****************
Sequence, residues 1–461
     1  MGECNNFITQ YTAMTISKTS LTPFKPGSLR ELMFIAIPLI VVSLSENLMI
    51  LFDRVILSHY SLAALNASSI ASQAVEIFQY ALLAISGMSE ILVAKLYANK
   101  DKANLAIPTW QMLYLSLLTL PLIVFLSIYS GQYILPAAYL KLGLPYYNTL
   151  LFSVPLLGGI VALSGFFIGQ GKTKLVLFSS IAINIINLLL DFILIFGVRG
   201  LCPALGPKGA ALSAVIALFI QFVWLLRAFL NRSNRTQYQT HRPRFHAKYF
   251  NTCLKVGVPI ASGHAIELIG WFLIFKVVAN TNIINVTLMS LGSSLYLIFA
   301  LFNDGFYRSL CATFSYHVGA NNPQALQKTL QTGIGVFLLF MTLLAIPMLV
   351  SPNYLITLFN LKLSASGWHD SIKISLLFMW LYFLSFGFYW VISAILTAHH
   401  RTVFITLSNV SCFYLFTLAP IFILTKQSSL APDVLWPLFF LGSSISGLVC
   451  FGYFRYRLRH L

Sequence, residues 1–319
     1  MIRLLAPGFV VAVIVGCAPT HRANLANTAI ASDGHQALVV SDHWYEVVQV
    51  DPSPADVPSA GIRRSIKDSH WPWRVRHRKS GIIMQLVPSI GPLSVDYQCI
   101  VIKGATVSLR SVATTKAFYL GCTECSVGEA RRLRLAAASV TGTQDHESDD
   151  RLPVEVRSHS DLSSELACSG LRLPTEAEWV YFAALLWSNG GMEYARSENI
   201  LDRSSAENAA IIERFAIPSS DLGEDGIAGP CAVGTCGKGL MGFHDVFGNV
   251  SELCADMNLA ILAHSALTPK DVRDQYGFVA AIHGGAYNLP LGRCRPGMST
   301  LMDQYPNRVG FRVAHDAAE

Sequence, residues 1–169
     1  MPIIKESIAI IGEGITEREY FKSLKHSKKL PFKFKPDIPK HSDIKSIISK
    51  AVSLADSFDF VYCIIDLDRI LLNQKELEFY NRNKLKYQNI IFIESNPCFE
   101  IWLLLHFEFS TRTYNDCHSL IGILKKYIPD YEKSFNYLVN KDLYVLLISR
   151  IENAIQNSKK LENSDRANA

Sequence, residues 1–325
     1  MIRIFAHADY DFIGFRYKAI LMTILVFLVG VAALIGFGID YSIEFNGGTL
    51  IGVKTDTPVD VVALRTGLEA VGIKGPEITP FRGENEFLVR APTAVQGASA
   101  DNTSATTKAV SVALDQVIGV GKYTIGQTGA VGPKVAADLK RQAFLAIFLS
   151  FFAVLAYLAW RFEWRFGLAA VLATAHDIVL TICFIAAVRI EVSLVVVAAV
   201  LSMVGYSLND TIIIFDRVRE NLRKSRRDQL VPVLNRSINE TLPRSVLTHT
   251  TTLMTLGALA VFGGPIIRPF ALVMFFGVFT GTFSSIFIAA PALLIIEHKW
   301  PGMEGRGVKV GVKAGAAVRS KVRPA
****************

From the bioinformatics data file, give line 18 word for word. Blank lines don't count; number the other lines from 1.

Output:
   251  SELCADMNLA ILAHSALTPK DVRDQYGFVA AIHGGAYNLP LGRCRPGMST